It’s finally finished. Done. Complete. Shoveled, tamped, screed (I learned new words even during manual labor), placed, jointed, treated and sealed.
Our backyard oasis is online after a month of hauling material back and forth from the local home improvement stores and assuring my bank that no, my credit card had not been stolen by Bob Villa on a coke binge. It’s ready for me to kick back, relax and enjoy the coming Texas fall (way too freaking hot in the summer.) Of course, it’s raining right now. Hasn’t rained in months, unless you count the gallons of sweat I added to the paver base under the triple digit sun.
Aside from sweat, there are approximately 4000 pounds of sand, a few thousand pounds of gravel, 1500 pounds of Travertine and several gallons of sealant now resting where my rather boring patio used to be. It was a welcome break after my novel binge but I’m so ready to be back at my keyboard. How do I know this?
The other day, I was trimming the hedges and had a strange sensation. It was a mental twitch of sorts. I stopped mid-clip and tried to pin it down but it squirmed away. It was as if something rattled in a cage deep inside my brain. Instantly, I knew it was a story idea. Or premise for a novel. Not sure.
Sound odd? It really kind of was. I have no clue what prompted it and can’t even say what the damn thing wanted. Annoyingly, I’m pretty sure it wasn’t the novel I’m working on at the moment. But for several minutes I had this feeling, completely disassociated from any sort of tangible details, simply a thought that I was on the verge of discovery. And that was it.
After that, I ran across a tweet that almost described the feeling and re-tweeted it. The sense that there’s a boiling point to the cauldron of literature we steep ourselves in. Presumably, I’d hit mine. Or that writer inside had hit it. Shook the chains. Rattled it’s tin cup along the bars.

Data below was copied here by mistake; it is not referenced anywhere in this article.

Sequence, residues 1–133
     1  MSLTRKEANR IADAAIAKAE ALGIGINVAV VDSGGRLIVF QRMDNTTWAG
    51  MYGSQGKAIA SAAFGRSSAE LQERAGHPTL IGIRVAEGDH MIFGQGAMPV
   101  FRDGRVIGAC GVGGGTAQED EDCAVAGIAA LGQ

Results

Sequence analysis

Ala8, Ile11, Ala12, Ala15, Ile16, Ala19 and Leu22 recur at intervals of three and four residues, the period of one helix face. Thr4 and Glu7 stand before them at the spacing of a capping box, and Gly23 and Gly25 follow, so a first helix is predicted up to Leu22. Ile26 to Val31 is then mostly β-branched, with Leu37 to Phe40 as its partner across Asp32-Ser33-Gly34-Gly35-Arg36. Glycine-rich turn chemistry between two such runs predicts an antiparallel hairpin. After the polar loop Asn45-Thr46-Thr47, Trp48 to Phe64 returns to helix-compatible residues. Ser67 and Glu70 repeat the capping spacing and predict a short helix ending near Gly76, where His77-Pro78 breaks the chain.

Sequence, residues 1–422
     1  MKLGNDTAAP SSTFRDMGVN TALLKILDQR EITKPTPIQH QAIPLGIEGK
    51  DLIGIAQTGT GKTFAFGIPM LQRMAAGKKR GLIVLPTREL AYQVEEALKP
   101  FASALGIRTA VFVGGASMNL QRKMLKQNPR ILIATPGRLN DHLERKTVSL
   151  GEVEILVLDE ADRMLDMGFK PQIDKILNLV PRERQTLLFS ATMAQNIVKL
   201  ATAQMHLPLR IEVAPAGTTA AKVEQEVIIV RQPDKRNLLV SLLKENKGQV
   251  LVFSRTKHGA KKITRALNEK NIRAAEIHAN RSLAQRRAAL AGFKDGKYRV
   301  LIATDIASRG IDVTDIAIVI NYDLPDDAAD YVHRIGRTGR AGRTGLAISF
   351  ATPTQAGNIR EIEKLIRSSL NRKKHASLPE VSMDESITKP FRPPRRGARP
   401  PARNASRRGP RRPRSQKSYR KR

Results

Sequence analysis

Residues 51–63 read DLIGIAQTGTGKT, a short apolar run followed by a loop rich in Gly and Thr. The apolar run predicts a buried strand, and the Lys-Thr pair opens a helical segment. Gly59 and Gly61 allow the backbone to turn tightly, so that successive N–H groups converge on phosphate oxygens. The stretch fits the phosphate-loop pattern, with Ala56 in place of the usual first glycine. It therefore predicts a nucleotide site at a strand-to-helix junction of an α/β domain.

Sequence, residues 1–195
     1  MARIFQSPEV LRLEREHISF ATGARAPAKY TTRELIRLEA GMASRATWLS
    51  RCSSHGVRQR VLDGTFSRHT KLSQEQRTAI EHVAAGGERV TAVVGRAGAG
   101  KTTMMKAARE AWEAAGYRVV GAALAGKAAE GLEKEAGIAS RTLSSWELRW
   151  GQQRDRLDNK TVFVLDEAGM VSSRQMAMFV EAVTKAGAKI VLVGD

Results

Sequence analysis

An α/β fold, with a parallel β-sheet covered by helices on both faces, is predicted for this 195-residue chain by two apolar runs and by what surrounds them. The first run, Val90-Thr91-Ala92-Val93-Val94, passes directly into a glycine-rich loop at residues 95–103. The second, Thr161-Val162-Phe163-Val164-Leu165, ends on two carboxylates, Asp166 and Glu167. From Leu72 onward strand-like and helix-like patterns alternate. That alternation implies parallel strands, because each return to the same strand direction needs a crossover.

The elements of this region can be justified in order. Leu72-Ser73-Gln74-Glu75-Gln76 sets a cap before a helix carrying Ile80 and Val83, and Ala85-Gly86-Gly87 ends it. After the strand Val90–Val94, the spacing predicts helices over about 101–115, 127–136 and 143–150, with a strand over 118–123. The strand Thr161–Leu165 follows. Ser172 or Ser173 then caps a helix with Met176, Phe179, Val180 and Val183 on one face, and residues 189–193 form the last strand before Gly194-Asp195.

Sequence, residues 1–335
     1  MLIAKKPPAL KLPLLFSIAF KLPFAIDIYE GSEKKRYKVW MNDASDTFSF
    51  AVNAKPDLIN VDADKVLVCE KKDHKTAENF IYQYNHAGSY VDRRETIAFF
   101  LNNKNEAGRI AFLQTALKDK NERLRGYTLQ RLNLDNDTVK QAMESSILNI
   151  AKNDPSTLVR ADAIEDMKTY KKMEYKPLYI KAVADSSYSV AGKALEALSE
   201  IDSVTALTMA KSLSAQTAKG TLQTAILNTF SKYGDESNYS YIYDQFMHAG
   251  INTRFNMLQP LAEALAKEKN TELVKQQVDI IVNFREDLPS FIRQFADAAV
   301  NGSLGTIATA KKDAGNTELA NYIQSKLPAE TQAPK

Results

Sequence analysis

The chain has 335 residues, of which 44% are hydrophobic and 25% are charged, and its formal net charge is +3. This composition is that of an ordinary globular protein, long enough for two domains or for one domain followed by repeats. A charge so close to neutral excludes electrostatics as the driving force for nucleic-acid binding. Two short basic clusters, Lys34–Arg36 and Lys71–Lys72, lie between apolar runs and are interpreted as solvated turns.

I’ve been reading a few books lately as I worked on my DIY project, but not so much writing. It was a break I meant to take after I finished my novel, but never really did. I kept trying to work on stories, pushing forward with my idea for a self-published anthology. Eventually though, I settled into a routine that didn’t include much in the way of writing. In the past I was writing five days a week working on both Collateral Damage and short stories. Now I found myself spending most of my days outside, coming in exhausted, drenched and out of synch with my writing brain.
I think it was trying to escape. That was what that feeling was.
Not sure what happens when it’s set loose after being locked away like that. It was only a couple weeks or so. And I did feed it. Book of the New Sun, a little Hitchhiker’s Guide, The Economist – a pretty odd diet to be sure, maybe that’s part of the problem. Perhaps a Wellsian cleanse is in order? I even let it out to play nearly every week (though I did skip crit group once and it let me know this was a problem by peeing in an unused corner of my brain which caused an unpleasant, lingering sensation that I had forgotten to do something which lasted all week.)
Well, here’s to seeing what happens when I stop staring t this key and unlock the cage door. I’m curious. A bit frightened. Hope you guys continue to tune in to find out what comes of it.
Looks beautiful. 🙂
I agree that most writers need a break between works. it renews the enthusiasm. Sort of like a sip of something between courses at dinner.
Ya! The palate cleanser that is patio installation 🙂 Great to hear from you, Regina!